Wine yeast experiment

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Rigel
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Wine yeast experiment

Post by Rigel » Fri Sep 01, 2006 7:16 pm

I was going to conduct an experiment on wine yeast, but i don't know what is suitable to test on wine yeast based on a biology aspect. I thought of testing the activity of yeast under different temperatures, but that's too simple and my report write up needs to be really long...Does anyone know a good topic that requires some research?
Thx a lot

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MrMistery
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Post by MrMistery » Sat Sep 02, 2006 5:08 pm

well, wine yeast, or Sacharomyces elipsoideus(i probably spelled it wrongly) is a fungus that is a facultative anaerobe. When oxygen is absent it turnes the glucose in grape juice into alcohol. However, it is inhibited by the alcohol it produces, reason why wine is only 12% alcohol.
I don't know what your paper needs to be like. Maybe you can make more experiments about this fungus in the same paper to fill all that space.
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Rigel
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Post by Rigel » Sun Sep 03, 2006 4:00 am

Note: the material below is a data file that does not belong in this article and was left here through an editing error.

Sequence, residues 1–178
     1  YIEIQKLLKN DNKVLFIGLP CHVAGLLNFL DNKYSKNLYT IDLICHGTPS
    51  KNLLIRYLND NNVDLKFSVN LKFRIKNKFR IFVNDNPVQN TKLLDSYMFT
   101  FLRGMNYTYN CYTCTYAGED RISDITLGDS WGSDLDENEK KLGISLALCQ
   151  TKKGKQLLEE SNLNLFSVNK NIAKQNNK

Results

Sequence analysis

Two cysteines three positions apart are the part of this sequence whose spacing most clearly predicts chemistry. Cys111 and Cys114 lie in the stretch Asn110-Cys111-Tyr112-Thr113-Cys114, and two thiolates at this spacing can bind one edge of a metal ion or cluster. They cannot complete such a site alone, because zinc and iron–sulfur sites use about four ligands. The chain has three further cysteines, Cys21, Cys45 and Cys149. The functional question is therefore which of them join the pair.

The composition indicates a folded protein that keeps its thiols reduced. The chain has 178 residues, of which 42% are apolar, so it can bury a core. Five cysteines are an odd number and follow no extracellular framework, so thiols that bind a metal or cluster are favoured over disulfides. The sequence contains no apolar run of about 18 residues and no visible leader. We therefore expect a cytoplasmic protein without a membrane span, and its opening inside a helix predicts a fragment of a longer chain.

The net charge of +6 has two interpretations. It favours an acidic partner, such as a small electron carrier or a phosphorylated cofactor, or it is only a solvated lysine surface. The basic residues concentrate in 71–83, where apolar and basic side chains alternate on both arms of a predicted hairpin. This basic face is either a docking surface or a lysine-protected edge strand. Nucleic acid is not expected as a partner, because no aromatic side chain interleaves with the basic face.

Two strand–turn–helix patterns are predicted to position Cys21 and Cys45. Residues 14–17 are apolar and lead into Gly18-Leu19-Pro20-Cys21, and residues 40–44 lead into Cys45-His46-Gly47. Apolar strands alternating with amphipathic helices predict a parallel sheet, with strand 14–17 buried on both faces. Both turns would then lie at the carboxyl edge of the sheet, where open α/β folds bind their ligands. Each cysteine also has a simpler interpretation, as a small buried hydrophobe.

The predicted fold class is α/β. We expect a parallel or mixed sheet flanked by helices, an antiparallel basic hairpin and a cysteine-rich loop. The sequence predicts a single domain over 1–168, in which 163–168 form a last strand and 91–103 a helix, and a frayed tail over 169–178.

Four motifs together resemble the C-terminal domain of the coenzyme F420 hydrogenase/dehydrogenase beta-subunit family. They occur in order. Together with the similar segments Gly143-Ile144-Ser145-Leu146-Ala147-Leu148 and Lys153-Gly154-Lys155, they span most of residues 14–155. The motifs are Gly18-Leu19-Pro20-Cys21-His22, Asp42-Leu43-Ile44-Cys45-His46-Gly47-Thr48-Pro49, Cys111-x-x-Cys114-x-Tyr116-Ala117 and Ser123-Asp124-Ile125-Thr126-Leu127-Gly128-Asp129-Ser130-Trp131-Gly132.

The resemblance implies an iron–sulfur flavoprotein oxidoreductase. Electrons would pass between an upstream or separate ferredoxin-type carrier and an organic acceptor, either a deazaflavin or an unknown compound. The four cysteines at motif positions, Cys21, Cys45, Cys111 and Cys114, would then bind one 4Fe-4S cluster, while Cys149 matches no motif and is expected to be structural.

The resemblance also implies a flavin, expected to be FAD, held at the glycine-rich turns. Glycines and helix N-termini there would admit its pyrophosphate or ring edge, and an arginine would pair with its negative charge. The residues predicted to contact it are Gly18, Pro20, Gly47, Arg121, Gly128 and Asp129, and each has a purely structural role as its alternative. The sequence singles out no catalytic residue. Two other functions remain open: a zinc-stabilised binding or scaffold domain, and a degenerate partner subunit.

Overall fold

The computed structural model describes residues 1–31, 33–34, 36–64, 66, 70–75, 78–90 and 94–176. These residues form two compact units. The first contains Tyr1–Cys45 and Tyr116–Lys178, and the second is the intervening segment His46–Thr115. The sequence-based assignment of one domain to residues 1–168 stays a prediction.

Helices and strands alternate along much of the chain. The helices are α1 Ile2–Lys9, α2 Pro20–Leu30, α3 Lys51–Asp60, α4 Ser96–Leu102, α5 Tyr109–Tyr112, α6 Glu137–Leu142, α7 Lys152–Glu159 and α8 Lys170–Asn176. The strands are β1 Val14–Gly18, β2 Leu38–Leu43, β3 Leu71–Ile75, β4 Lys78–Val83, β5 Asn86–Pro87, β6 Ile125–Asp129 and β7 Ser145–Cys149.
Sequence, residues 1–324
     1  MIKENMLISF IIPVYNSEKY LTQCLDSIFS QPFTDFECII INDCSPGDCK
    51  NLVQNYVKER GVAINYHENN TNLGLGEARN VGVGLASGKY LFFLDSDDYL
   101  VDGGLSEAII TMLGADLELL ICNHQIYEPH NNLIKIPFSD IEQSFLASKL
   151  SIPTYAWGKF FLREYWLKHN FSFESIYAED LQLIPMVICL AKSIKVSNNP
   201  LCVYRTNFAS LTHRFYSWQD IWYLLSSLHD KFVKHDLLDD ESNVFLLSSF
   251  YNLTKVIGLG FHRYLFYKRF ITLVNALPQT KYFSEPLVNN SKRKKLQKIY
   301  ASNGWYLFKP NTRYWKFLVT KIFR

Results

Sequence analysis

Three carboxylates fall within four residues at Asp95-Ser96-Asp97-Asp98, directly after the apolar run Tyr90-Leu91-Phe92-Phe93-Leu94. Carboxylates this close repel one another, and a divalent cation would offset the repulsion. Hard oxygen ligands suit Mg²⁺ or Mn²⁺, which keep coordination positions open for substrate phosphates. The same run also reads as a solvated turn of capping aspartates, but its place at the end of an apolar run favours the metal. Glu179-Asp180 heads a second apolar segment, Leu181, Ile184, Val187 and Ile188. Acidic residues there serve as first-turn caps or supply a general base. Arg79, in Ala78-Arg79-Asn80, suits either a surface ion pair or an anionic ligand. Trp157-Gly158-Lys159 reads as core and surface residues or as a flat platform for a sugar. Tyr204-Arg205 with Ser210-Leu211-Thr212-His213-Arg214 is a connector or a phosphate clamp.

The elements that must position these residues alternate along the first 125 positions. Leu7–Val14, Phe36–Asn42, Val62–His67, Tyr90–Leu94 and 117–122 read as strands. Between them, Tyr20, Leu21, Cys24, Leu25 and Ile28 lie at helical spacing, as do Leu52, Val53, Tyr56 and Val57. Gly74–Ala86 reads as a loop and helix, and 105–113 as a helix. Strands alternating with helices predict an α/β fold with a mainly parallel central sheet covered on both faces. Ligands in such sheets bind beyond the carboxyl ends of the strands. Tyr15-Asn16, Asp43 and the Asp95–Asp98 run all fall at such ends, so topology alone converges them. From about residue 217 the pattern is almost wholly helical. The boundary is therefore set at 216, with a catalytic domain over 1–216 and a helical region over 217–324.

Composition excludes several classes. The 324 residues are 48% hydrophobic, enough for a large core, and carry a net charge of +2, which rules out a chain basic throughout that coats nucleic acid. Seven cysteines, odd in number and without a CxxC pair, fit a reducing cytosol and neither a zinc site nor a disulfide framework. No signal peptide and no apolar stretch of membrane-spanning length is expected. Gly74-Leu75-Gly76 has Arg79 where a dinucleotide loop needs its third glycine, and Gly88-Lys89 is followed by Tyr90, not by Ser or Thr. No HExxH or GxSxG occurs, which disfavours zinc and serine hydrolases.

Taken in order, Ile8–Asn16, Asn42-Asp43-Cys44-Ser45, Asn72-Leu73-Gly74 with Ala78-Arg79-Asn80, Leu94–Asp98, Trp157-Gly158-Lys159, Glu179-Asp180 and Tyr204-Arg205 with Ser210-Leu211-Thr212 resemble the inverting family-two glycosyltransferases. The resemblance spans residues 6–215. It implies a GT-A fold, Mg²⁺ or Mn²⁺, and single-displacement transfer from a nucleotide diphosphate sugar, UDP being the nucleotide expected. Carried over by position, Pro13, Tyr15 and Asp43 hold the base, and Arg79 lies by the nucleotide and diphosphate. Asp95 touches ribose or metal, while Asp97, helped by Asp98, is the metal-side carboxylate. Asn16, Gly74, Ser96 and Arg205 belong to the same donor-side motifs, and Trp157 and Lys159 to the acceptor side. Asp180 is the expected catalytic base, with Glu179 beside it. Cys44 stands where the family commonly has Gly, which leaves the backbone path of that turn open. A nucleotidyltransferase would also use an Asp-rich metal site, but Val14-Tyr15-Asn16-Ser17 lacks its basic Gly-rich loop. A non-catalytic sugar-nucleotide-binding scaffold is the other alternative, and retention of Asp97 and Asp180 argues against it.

I dont think i can do several experiments and put them in one paper. But do you think manipulating the population would be a good lab? I mean like if i put a lot of yeast, and let all the sugar be consumed, they would die right? Or if the amount of ethanol is too high and they can't handle it themselves, the population would also go down. This is sort of like a ecology topic isnt it?
Is there any significant effect of salt and vitamins on wine yeast?

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Post by Terry K. » Sun Sep 03, 2006 7:37 pm

well, you could test the same experiment you were doing, only use it to find the temperature optimum of the population growth on the wine yeast. That experiment would take a lot of set up, in my opinion, but I believe that you could write a 20 page paper on the results and some possible explanations for the results, like if there were any unpure resources you used and so on.
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mkwaje
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Post by mkwaje » Mon Sep 04, 2006 2:00 am

The population of the yeast would naturally decline once they're using up sugar and its in anearobic condition. Otherwise, if you just use cotton plugged flasks, they would just probably multiply a lot. You can make starter cultures this way. After you have enough yeast, transfer them to fresh media with a bung set-up (useful in monitoring CO2 production too). You can probably use different sugar and see differences in rate of fermentation. You can take samples during a week long incubation to check for population decline or measure the ethanol content and plot it together with yeast count. Well, those are sjust suggestions. It really depend on the availability of materials and the curiosity in you.. :P Good luck.

vodka
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Post by vodka » Wed Sep 06, 2006 8:25 am

probably a simple experiment in case you have a GC is to determine the effect of aeration/aerating/shaking on vinegar production during wine fermentation.

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